The protocol originally attracted privacy concerns for broadcasting permanent Bluetooth MAC (Media Access Control) addresses of devices – a unique 48-bit identifier – on these channels.

However, BLE tried to solve the problem by letting device manufacturers use a periodically changing, randomized address instead of a permanent MAC address.

So, devices may use a periodically changing, randomized address and not their permanent Media Access Control (MAC) address.

And there’s the rub: The authors showed how many devices implementing such anonymization measures could actually be vulnerable to passive tracking.

Perth-based iLounge on Friday translated what that might mean: “A recent flaw in Bluetooth technology allows individuals to track Apple Watches, Macs, iPads and iPhones. Tablets and laptops running Windows 10 and Fitbit wearables are also vulnerable, but for some reason Android devices are unaffected.”

Android was found to be unaffected by all this.

The researchers stated in their paper that “We describe a tracking vulnerability that affects Windows 10, iOS, and macOS devices as long as they are continuously observed by the adversary.”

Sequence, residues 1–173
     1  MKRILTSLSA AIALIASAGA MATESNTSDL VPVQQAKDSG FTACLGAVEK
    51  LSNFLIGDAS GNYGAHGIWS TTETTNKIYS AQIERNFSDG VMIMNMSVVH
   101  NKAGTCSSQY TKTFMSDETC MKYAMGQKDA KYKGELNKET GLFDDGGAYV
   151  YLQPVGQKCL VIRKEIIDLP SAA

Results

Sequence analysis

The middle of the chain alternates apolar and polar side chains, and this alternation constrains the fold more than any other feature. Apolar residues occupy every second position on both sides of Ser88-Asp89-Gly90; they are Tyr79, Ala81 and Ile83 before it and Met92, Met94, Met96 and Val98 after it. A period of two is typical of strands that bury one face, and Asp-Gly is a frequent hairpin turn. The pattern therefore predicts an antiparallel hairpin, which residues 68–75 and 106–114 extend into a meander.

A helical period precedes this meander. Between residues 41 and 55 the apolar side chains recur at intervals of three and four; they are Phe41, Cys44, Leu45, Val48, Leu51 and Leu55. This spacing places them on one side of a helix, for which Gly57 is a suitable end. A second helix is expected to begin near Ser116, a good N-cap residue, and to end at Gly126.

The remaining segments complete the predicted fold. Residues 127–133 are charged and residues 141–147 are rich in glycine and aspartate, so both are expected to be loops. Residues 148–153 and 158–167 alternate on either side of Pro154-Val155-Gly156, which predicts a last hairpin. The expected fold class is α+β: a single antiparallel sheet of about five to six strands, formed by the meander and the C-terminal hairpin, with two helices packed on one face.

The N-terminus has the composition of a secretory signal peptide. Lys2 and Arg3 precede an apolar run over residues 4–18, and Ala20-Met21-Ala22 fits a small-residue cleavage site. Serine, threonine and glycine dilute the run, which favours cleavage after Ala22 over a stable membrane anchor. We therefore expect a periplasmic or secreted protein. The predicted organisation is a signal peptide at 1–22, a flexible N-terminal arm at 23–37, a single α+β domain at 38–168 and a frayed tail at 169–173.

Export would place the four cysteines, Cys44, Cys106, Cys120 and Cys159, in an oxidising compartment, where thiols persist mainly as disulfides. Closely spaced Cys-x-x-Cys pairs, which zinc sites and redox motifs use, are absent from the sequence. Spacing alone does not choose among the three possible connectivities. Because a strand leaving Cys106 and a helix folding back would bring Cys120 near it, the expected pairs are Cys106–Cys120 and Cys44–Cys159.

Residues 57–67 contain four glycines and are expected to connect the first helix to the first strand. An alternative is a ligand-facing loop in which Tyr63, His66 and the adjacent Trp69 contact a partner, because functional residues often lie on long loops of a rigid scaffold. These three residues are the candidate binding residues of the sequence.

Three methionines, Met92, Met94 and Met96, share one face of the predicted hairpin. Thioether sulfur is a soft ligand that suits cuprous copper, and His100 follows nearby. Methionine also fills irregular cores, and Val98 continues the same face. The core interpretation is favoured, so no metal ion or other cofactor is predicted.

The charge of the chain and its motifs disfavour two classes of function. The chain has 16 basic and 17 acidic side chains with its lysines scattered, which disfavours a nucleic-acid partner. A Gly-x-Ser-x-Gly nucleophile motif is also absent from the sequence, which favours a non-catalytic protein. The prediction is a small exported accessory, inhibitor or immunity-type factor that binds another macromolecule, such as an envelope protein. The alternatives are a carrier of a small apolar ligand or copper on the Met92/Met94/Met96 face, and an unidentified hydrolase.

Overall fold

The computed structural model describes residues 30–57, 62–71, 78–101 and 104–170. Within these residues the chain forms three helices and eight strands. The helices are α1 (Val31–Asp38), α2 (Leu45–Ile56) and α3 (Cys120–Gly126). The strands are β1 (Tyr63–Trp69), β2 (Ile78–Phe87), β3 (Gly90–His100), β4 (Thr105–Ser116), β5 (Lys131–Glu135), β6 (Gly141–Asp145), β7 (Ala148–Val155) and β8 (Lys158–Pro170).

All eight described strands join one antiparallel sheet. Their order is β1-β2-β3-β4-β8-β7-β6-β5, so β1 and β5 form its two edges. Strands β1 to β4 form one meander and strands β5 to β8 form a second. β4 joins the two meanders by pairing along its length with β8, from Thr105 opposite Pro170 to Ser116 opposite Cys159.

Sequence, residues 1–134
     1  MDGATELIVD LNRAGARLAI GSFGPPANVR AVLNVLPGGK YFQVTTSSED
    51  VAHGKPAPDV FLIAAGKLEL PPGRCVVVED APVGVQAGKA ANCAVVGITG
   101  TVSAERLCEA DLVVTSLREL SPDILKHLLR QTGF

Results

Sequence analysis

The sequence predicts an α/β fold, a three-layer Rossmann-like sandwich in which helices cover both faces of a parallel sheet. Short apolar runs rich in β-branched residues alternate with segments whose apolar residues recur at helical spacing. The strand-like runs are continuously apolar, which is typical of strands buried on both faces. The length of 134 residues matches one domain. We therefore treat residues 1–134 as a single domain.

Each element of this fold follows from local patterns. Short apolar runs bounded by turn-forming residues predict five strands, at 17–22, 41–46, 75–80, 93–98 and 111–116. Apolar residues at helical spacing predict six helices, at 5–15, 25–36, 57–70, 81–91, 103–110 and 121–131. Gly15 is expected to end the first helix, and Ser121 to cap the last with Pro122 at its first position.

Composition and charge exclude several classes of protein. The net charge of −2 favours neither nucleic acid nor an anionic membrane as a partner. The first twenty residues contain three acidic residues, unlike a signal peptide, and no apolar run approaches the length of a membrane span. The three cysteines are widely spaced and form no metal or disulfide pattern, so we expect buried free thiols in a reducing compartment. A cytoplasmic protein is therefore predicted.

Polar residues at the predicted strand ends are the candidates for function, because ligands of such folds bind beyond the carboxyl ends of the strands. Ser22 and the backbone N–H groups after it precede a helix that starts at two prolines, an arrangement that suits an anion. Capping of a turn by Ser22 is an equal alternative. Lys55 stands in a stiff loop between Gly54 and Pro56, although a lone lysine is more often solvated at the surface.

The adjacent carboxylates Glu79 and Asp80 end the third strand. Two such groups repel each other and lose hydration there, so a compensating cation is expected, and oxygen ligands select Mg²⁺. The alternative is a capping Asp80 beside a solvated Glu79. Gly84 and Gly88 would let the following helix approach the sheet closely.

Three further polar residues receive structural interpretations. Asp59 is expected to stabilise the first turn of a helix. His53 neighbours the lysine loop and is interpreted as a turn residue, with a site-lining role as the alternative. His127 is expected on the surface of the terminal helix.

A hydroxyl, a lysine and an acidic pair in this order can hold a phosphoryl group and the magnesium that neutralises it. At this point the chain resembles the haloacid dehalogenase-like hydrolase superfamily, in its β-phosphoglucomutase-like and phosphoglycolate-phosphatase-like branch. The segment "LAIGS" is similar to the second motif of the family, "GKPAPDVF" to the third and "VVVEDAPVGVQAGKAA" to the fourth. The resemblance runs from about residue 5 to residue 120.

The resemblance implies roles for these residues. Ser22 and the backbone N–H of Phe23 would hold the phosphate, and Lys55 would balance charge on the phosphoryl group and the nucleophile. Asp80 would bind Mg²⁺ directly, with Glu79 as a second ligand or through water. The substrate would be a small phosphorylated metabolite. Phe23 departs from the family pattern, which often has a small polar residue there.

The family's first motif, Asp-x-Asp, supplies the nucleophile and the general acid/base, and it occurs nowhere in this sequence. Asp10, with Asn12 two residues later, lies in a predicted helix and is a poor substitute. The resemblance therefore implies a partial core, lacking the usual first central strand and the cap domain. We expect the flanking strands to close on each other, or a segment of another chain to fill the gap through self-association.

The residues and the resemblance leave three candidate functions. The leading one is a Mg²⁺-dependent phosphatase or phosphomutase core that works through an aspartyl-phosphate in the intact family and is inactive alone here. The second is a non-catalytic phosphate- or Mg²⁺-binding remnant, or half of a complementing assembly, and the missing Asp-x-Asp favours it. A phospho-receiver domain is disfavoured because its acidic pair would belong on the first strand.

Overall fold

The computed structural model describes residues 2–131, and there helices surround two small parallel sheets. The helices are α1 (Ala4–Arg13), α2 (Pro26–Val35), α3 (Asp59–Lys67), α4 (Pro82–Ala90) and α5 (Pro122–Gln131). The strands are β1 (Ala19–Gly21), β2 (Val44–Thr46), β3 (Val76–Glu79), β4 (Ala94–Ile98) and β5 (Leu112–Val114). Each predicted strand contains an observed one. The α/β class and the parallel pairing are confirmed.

Android devices do not appear to be vulnerable to our passive sniffing algorithm, as they typically do not send advertising messages containing suitable identifying tokens.”

What to do?

Samantha Wiley in iLounge said the solution was not complicated, just “shut off your Bluetooth off and back on if you’re worried about being tracked.

This can be done via System Settings on the macOS’ menu bar or in the Settings of your iPhone.

The Brink similarly said thwarting this security gap “can be as simple as turning off and back on your device’s Bluetooth connection, at least in the case of Windows 10 and iOS devices.”


Privacy and security concerns over Bluetooth date back to its very first release [23]. Anonymizing devices in pub- lic channel communication only became available with the introduction of BLE in Bluetooth 4.0 [6].

A lot of re- search regarding the effectiveness of MAC address ran- domization is focused on Wi-Fi, where the same privacy concern of broadcasting permanent identifiers exists, but vulnerabilities are often not easily transferable to the Bluetooth case as they are based on different areas specific to the Wi-Fi network stack.

We will highlight some important works relating to more general cases of Bluetooth and Wi-Fi tracking concerns, as well as more BLE-specific techniques and utilities.